Anti-Abortion Extremist Loses Appeal on Child Molestation Charges
John Burt, an anti-abortion extremist, was taken into custody yesterday after losing an appeal of his conviction for molesting a 15-year-old girl who was in his care at his so-called home for "unwed" mothers, Our Fatherís House. A three-judge panel of the First District Court of Appeal ruled unanimously to uphold Burtís conviction, the Associated Press reports. Burt will continue to appeal his conviction and sentence of 18 years in prison, according to the Pensacola News Journal.
In the early 1980s, John Burt, who was the Regional Director of Rescue America at the time, was at the center of disruptions at the Pensacola, Florida clinics. In 1986, Burt led an invasion into the Ladies Center Clinic in Pensacola, which led to his arrest and conviction along with Joan Andrews Bell, an associate of James Kopp, who was convicted of assassinating Dr. Barnett Slepian. Joseph Scheidler was touring at the time on his book, ď99 Ways to Close an Abortion Clinic.Ē Scheidler was on the lawn in front of the clinic at the time of the invasion. This incident was the impetus for the NOW v. Scheidler case, which will be heard by the US Supreme Court for the third time this fall.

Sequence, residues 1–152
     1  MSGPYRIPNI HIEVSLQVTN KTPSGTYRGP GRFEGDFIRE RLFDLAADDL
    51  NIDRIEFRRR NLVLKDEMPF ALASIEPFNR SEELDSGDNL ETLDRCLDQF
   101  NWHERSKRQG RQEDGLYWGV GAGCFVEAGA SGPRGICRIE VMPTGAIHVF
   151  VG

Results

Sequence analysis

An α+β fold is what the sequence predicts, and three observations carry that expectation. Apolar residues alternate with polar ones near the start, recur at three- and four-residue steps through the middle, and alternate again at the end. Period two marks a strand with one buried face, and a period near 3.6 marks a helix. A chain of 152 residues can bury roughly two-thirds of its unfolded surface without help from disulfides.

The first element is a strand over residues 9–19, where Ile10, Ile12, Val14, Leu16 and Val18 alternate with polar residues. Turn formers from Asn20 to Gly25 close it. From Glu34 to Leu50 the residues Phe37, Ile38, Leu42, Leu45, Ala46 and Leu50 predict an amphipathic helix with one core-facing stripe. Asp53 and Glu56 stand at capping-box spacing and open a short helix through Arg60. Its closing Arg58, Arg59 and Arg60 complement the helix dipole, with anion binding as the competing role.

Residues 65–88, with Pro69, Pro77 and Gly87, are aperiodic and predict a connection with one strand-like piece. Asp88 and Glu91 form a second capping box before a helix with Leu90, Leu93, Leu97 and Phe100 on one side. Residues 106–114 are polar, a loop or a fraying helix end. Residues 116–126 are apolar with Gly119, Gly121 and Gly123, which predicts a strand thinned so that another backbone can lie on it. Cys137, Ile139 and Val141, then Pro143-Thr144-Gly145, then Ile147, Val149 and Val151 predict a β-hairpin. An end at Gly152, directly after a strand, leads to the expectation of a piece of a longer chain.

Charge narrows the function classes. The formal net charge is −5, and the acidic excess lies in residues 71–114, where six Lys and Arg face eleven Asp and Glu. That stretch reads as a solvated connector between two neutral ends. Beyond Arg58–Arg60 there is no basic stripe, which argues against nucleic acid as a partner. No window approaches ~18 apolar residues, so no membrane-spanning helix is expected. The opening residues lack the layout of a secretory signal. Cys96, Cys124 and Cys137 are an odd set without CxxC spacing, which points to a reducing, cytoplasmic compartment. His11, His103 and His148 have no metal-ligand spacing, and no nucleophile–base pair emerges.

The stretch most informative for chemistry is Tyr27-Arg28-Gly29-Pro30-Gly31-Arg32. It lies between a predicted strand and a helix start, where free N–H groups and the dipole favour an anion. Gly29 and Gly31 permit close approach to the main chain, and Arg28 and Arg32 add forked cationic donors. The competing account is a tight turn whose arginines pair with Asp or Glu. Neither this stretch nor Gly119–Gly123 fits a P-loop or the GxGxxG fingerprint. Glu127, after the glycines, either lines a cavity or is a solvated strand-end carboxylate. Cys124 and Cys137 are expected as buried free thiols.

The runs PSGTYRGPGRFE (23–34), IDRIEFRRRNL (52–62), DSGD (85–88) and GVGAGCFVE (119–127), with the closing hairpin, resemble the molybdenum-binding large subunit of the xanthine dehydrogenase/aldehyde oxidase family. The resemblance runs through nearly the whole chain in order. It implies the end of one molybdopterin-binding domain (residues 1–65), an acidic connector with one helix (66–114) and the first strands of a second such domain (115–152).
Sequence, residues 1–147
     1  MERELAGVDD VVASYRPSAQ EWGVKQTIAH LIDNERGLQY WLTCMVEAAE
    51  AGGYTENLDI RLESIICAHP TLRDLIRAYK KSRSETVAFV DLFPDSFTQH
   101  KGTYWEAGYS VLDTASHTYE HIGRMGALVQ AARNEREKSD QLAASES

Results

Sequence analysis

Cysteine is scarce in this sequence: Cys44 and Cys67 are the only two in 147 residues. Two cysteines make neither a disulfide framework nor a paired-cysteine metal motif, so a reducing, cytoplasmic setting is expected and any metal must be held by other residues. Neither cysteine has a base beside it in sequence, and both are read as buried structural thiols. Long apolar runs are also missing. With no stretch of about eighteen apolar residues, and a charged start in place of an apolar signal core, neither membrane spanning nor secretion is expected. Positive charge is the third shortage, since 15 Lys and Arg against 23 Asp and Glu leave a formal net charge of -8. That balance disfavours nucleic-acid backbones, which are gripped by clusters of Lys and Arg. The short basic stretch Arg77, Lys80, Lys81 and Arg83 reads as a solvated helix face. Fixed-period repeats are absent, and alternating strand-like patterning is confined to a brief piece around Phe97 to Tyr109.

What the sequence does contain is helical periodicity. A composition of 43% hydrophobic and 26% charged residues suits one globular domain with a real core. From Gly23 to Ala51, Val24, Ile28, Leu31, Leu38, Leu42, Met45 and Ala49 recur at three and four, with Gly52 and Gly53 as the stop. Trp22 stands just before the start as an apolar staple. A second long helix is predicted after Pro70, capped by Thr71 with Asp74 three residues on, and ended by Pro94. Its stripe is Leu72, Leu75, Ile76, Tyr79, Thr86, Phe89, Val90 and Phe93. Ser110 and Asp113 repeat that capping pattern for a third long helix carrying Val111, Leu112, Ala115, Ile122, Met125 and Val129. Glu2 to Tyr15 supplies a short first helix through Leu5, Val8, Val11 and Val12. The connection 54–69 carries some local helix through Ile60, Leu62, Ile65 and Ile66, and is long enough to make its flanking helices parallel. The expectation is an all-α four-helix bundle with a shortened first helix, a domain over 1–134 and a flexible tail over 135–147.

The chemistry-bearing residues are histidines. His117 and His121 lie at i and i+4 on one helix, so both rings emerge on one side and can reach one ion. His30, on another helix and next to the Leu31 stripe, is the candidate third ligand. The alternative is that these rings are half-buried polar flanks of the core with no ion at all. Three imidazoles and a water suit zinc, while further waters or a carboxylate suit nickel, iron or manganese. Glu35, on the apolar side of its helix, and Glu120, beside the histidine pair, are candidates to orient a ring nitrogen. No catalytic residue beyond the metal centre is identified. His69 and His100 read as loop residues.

In 1993, Burt was leading a Rescue America protest outside the second Pensacola clinic when an Our Father's House volunteer, Michael Griffin, shot and killed Dr. David Gunn in the rear of the clinic. Burt was also an associate of Paul Hill, who murdered Dr. Bayard Britton and volunteer escort James Barrett outside the Ladies Center Clinic in Pensacola in 1994. Burt was videotaped helping Paul Hill identify Dr. Britton outside the clinic in the weeks before Hill shot and killed Dr. Britton and his clinic escort.
8/29/2014 Domestic Violence Victims May Now Qualify For Asylum in the US - A recent case has opened the door for victims of domestic violence abroad to qualify for asylum in the United States.
The Justice Department's Board of Immigration Appeals ruled for the first time on Tuesday that a victim of domestic violence fit a specific criterion for asylum: persecution for membership in a particular social group. . . .